Florida Manatees Are No Longer Endangered

Florida Manatees Are No Longer Endangered

At one time there were estimated to be only a few hundred Florida manatees left. So, in 1973 they were put on the endangered list. And as hoped, their numbers began to flourish once again.

It makes sense, then, that if the Florida manatee is out of harm’s way, so to speak, they should be removed from the endangered list, right? Well, yes and no. Though there are now estimated to be more than 6,000 Florida manatees in the wild, not everyone is thrilled to see their status changed from “endangered” to “threatened”.

With overall manatee numbers in the Caribbean region up around 13,000, and around half of those Florida manatees, the US Fish and Wildlife service went ahead and made the change to their status. This was in order to make way for others who need the services and protections the “endangered” designation affords them.

What landed them on the endangered list in the first place? Unfortunately, it’s human interference, as you might have guessed. The main causes of manatee death, are impacts from boat propellers, and the loss of their natural habitat. Since neither of these root causes has been remedied, the risk of the manatee numbers suffering again in the future is quite high.

Florida Manatees Are Not Out Of The Woods

The Center For Biological Diversity had this to say about the removal: “… manatee numbers have never truly recovered, as the animals must contend with a barrage of manmade threats. Each year, about 87 manatees are killed by collisions with boats, the single greatest cause of premature mortalities. This is more than seven times (the) number of manatees that the Fish and Wildlife Service estimates can be killed without impairing the species’ recovery. Meanwhile, boating in Florida is at an all-time high and increasing…” and “in 2017, the (US Fish & Wildlife) Service downlisted the manatee from “endangered” to “threatened” despite the fact that 2016 had been the deadliest-ever year for manatees.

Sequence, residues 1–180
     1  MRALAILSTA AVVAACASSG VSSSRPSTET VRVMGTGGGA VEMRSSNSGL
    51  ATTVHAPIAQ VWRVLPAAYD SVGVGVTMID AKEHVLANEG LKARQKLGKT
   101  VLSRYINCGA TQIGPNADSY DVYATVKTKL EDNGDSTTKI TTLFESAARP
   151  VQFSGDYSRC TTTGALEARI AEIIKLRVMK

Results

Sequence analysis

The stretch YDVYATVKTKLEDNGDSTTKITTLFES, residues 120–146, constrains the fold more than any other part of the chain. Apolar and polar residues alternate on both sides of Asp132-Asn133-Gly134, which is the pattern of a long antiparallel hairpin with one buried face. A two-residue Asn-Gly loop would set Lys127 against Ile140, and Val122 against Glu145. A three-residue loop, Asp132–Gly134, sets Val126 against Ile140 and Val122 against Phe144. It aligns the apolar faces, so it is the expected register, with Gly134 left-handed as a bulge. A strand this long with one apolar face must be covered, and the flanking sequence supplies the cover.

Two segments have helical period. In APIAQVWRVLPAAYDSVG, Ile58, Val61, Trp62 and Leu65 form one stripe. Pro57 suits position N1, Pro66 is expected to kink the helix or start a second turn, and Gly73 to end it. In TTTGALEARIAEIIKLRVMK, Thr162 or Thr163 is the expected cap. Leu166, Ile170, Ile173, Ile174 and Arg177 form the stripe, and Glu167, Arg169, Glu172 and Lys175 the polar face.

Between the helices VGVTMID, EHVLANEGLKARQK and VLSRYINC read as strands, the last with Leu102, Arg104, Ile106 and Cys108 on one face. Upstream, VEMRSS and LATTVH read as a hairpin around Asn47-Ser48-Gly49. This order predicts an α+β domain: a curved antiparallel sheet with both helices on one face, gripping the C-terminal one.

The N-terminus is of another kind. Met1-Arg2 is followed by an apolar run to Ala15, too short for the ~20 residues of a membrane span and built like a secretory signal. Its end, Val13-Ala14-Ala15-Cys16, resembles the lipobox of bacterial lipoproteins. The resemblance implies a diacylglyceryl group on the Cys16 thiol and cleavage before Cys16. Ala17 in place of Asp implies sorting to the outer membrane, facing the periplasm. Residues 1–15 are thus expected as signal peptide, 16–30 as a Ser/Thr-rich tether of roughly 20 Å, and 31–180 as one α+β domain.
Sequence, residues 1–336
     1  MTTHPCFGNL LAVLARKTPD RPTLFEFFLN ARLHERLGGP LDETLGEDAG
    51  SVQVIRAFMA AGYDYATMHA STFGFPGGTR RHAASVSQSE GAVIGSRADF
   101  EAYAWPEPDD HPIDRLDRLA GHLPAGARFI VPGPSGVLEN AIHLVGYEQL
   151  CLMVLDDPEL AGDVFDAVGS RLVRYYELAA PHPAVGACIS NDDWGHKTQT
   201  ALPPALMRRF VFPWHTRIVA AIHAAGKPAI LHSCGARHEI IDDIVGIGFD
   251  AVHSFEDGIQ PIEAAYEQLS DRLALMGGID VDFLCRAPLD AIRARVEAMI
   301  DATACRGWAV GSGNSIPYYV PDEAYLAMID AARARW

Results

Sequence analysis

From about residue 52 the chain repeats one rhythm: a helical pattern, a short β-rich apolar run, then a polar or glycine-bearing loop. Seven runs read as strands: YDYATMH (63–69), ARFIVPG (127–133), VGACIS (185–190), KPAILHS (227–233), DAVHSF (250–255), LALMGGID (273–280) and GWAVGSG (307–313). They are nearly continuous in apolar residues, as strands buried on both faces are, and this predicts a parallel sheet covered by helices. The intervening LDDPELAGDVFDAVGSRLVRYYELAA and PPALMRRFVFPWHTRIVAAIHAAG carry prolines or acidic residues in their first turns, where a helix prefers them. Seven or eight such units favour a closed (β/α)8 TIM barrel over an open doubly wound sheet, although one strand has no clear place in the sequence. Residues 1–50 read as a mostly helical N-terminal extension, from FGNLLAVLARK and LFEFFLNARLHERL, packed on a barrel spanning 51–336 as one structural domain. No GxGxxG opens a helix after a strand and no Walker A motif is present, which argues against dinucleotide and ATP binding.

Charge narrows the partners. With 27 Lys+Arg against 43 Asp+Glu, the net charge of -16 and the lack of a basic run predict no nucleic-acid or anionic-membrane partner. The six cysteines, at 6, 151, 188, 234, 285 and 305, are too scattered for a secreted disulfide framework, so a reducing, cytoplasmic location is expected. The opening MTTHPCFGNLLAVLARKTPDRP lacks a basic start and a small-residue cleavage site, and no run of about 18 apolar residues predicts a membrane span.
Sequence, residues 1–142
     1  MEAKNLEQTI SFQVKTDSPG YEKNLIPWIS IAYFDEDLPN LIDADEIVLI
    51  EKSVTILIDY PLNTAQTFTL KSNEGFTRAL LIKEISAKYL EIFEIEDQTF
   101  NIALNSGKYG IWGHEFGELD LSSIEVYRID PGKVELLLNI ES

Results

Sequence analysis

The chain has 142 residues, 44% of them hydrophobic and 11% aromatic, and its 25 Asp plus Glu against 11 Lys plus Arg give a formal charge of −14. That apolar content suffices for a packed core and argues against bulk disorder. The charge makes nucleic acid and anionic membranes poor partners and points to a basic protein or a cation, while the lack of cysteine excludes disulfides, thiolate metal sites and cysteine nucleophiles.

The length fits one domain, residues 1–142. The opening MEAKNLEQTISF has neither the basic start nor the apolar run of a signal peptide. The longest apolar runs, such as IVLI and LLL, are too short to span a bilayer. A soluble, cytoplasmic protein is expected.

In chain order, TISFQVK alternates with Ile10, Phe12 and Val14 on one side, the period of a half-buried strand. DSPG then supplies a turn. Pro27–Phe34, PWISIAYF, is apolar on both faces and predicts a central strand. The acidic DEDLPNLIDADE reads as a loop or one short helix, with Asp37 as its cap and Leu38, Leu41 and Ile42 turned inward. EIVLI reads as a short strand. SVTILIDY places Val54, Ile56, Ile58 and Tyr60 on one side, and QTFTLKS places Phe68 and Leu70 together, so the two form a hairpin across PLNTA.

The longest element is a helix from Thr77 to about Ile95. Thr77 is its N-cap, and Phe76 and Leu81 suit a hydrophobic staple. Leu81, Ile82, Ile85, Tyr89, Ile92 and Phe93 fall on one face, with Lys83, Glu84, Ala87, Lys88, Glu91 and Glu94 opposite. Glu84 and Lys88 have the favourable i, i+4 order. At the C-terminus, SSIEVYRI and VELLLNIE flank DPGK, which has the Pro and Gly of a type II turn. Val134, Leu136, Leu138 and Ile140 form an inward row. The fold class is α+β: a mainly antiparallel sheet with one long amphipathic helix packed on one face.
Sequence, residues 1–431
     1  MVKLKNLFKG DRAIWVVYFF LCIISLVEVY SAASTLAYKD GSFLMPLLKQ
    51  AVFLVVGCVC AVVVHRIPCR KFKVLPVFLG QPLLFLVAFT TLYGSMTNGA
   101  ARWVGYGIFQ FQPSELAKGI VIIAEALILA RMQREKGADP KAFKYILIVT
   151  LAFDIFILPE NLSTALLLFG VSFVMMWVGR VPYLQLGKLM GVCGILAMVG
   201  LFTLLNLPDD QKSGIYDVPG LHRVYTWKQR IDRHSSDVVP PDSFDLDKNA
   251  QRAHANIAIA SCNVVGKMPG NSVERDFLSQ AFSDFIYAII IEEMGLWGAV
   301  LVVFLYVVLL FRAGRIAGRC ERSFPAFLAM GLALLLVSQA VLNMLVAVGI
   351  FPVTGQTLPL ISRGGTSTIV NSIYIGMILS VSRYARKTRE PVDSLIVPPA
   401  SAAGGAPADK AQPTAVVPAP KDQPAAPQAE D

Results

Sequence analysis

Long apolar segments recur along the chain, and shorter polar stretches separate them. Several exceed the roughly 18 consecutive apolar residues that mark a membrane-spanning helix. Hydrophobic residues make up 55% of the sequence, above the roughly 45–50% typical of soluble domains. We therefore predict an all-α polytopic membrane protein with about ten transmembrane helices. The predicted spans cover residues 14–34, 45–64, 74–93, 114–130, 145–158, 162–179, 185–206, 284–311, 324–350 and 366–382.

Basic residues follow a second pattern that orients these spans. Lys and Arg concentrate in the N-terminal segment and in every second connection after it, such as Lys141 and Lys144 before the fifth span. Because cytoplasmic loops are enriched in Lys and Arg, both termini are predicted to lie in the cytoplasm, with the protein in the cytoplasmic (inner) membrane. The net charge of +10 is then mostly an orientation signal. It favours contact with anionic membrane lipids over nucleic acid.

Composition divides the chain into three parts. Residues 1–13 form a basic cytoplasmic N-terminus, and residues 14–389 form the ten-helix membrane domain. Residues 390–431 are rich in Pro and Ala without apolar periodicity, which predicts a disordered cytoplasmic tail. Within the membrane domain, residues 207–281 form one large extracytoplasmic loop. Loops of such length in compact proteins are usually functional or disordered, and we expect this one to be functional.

There are many who echo these sentiments and believe the move is a real blow to the future of manatees. That removing the protections which afforded manatees the chance to beef up their population, will cause their numbers to dwindle once again. Then we’ll be back at square one.

But let’s not forget the really good news in all of this. The manatee population throughout the Caribbean and Southeast US is now estimated at around 13,000. Of those, about half are believed to be Florida manatees. That’s a far cry from the 1970s when only an estimated few hundred remained. So the special attention on these gentle giants and the protection they were previously afforded did have a positive affect. It’s unfortunate that limited resources exist for protecting endangered animals, and their status must be continually reassessed. If the protections they were enjoying did, in fact, make a positive impact, it’s easy to see how removing them will negatively impact their numbers too. Will the Florida manatee’s status have to be looked at again in the future? If the fatalities continue at this rate, it seems quite likely.


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